Thursday, September 29th, 2016 MST

Category: Inflation

Driving the markets

Central bank actions and expectations of central bank actions are driving investment markets: the bond markets, the equity markets and the metals markets.  Economic news does not move the markets, except that markets move on how investors think that central banks will react to economic news.

Government spending, worse than taxes

April 15 is behind us, and that gives a feeling of relief to those Americans who labored and toiled in 2015 to provide for themselves and their families while seeing billions of  dollars confiscated from their earnings.  (And, now they must keep records for years just in case they are later audited by the IRS.)

Draghi doubles down

Mario Draghi, ECB chief, again reaffirmed his pledge to print more euros next month in a Keynesian effort to fillip economic activity in the eurozone. In December, the ECB’s measures fell short of market expectations, and stock markets declined. This time Draghi does not plan to disappoint.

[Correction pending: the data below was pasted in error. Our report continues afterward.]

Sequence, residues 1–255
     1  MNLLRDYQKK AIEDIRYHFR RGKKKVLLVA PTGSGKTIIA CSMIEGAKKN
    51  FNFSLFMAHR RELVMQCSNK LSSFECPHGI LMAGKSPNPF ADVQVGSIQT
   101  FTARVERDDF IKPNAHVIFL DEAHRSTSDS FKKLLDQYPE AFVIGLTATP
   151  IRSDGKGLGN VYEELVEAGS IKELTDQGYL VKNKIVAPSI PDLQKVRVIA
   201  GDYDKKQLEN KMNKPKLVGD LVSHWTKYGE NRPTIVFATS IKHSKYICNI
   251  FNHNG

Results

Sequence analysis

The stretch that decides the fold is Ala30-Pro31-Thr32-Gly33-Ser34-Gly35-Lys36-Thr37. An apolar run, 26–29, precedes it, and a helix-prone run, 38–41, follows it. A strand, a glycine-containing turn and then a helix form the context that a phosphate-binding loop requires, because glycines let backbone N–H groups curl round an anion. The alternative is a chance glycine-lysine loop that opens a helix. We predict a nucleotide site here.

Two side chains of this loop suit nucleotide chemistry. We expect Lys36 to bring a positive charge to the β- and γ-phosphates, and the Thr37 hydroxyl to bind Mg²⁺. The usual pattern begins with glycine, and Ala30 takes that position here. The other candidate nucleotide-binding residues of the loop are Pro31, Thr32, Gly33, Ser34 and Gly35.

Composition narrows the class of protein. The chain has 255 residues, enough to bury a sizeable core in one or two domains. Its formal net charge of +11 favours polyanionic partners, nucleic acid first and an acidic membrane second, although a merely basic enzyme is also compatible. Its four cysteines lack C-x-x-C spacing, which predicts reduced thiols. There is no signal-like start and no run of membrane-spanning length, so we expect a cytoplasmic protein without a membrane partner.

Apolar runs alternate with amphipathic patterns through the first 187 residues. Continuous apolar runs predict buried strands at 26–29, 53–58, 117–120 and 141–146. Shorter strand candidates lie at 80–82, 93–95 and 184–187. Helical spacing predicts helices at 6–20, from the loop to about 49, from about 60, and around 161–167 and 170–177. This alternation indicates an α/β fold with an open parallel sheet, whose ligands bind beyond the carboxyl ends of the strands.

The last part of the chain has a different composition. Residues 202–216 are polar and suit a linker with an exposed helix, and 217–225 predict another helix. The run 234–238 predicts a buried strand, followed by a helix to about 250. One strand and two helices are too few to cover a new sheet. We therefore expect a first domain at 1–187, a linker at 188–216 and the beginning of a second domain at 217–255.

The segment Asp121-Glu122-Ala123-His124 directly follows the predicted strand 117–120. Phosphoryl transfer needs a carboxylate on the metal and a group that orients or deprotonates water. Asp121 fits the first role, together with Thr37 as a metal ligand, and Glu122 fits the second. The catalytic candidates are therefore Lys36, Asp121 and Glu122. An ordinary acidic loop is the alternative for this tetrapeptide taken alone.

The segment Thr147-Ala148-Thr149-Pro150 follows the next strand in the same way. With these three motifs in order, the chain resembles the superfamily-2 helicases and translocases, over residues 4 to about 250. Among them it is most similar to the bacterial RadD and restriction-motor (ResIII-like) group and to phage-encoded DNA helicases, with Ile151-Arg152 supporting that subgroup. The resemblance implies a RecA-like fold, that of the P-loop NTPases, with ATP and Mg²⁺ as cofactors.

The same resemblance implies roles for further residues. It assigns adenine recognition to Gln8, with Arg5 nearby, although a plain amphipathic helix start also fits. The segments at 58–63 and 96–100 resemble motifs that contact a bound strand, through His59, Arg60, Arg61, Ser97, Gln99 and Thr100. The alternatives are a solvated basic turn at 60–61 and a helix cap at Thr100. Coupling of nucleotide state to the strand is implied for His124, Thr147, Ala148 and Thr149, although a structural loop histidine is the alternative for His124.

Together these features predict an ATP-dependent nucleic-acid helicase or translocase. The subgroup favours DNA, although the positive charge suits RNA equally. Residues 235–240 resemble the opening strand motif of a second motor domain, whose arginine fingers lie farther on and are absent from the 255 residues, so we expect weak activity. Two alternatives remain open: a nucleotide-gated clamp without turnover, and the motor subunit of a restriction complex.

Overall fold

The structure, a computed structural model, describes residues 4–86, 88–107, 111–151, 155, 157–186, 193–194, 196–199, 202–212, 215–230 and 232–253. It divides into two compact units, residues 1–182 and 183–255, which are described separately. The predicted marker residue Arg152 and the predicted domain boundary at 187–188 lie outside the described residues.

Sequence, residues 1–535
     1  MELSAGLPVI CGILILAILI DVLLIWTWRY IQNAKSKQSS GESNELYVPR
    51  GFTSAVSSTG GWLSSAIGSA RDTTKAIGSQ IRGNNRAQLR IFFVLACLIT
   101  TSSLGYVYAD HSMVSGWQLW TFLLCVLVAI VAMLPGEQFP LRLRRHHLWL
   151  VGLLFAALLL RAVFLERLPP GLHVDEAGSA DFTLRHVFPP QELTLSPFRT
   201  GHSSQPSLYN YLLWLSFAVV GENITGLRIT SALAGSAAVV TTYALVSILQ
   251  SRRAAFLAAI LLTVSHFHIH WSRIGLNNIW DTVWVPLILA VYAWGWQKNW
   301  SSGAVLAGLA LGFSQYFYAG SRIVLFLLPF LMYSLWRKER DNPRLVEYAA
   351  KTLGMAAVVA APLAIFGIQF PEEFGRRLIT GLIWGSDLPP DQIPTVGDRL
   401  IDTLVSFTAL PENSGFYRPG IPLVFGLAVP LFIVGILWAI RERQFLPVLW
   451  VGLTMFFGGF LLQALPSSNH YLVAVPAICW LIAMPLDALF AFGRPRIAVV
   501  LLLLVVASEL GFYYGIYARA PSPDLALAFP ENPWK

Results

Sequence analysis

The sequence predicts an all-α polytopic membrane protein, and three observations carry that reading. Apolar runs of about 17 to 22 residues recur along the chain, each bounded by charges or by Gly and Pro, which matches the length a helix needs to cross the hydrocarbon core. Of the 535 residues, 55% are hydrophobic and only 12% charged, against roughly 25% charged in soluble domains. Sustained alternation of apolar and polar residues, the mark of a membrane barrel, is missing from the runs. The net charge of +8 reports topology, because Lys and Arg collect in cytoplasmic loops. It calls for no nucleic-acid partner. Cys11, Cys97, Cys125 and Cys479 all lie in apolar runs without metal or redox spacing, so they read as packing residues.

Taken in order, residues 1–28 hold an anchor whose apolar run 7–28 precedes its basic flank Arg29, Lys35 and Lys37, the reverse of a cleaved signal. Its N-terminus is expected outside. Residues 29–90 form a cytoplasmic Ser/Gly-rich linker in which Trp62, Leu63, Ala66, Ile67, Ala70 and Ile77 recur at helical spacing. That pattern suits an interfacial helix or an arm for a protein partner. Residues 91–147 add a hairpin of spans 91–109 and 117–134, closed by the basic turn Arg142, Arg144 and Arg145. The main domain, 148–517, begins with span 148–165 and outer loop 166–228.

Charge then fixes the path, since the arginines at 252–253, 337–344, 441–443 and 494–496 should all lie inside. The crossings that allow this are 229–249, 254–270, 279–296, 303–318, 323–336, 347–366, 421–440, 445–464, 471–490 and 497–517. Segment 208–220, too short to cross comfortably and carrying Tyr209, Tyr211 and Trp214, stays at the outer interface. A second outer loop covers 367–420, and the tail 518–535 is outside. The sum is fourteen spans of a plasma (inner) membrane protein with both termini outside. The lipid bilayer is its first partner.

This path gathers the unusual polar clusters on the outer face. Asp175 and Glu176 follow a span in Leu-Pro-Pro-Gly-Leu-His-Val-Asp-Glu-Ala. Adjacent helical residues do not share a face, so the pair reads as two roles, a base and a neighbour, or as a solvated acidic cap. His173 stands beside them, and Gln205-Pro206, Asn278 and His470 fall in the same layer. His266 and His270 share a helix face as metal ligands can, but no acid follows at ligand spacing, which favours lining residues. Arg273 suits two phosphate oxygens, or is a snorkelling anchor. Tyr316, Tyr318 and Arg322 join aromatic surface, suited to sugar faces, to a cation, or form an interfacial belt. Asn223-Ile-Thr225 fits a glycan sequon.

The Riksbank’s dilemma

To Keynesians, easy solutions reside for monetary and economic problems. When the economy is in recession, deficit spend. When inflation heats up (meaning rising prices, which the developed world hasn’t seen for some time), choke back the money supply. Problems solved. Recessions are averted; inflation is held in check. So, if “managing” the economy is

Bank of Japan to buy equities

Quantitative easing opened a Pandora’s box that will not be closed until massive inflation spreads worldwide. Only when people quit accepting the digital money that central banks spew will it end. However, the end may be far, far away. Traditionally, central banks created money “out of thin air” to finance wars by buying new government

Page 1 of 612345...Last »